Attorney General Alan Wilson Statement on the Second Amendment and Gun Rights
(COLUMBIA, S.C.) South Carolina Attorney General Alan Wilson released the following statement:
“The Founding Fathers made it very clear: the ability to bear arms is a fundamental right of citizenship in these United States. The America they created is a place where ‘Wethe People’ are guaranteed the right to defend ourselves, our families and our property. We must not allow emotions to alter or abridge our fundamental constitutional rights.
“As your Attorney General, I have a sworn duty to uphold the Constitutions of South Carolina and the United States – including the Second Amendment. I am fully committed to doing just that.
“Like many South Carolinians, I am a gun owner. I am also the proud father of two toddlers. Many of us learned how to shoot and handle guns responsibly from our fathers. It is a tradition passed from one generation to another, and it’s something I plan to pass along to my children. Taking away our constitutional rights will not make our children safer. It will make them less safe.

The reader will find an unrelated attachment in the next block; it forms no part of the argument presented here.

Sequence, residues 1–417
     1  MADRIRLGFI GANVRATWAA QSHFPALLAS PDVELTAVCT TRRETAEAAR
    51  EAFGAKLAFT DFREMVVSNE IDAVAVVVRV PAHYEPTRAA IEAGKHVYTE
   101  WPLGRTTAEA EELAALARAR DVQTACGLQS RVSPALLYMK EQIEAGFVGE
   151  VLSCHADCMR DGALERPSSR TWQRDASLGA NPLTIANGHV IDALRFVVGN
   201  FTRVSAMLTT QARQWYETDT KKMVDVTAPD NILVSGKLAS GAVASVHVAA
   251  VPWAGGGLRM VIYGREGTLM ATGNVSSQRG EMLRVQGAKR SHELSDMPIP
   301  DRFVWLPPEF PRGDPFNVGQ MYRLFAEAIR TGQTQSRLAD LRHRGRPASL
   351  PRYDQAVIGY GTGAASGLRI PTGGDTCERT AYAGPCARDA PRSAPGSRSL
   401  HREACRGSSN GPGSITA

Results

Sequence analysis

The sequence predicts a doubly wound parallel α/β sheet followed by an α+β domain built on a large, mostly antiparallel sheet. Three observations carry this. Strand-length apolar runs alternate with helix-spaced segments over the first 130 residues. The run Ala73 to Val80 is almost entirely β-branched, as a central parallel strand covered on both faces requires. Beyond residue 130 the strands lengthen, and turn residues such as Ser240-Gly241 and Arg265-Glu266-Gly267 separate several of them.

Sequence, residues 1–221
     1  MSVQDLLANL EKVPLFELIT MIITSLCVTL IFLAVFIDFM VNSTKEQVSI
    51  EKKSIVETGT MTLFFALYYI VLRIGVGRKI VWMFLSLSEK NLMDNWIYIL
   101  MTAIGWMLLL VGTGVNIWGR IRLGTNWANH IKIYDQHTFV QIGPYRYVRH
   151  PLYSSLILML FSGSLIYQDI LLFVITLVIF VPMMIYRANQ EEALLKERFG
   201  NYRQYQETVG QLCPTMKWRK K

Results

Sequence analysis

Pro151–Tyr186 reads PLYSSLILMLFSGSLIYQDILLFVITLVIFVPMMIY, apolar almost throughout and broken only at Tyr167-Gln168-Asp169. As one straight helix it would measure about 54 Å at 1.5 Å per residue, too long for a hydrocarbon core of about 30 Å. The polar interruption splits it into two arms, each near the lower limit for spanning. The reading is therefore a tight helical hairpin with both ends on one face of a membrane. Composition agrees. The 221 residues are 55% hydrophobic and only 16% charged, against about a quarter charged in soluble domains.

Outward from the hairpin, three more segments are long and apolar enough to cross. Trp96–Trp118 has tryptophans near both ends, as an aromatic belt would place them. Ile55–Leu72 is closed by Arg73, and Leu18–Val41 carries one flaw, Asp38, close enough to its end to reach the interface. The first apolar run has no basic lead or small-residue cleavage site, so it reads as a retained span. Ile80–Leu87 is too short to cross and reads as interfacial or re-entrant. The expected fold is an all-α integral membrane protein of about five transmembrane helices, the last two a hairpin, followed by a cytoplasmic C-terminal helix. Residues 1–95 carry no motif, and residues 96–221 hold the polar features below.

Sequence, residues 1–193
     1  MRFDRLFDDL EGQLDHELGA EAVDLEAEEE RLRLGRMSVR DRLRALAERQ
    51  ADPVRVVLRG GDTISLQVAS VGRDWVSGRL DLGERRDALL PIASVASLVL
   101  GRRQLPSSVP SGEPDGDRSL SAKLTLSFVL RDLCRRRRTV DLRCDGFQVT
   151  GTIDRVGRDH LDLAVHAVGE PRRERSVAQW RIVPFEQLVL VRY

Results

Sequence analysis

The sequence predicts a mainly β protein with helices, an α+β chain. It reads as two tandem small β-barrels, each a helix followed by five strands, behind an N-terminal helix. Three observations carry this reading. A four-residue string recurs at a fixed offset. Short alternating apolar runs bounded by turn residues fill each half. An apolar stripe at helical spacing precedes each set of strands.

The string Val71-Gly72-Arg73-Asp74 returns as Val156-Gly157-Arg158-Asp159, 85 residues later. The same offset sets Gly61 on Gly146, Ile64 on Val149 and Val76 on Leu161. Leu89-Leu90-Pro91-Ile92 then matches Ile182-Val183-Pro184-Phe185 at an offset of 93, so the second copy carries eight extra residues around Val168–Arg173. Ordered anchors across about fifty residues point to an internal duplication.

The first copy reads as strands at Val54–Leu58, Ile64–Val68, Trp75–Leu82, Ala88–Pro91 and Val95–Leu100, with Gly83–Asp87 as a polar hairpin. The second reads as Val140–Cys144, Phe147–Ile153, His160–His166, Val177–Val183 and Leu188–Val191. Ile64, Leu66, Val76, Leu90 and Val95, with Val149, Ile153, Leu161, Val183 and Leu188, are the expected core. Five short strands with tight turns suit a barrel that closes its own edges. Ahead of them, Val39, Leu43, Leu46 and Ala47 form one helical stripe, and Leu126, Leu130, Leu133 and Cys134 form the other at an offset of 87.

“Like every parent, I want my children to be protected when they are in the classroom. We have a sacred obligation to look after children. That’s why I strongly support training and arming resource officers in schools. It is also why I am opposed to a one-size-fits-all approach to gun control measures.
“Some in Washington, D.C. are solely directing their focus on restricting the Second Amendment, without addressing factors which directly impact violence in America. For instance, pop culture continually promotes violence through bloody movies, graphic video games and song lyrics which encourage violence. Another key component of this problem is the ability of mentally ill people to gain access to firearms. We need to better identify these individuals and treat them, instead of chipping away at the Second Amendment. Limiting a constitutional right is not a form of mental health treatment.
“This issue is best addressed by the states, not by an over-reaching federal government in Washington. Like most every other public policy issue, it is best to keep as much power as we can at the state and local levels. I am a firm believer in both the Second and Tenth Amendments, and I remain opposed to constant attempts by the federal government to erode them.”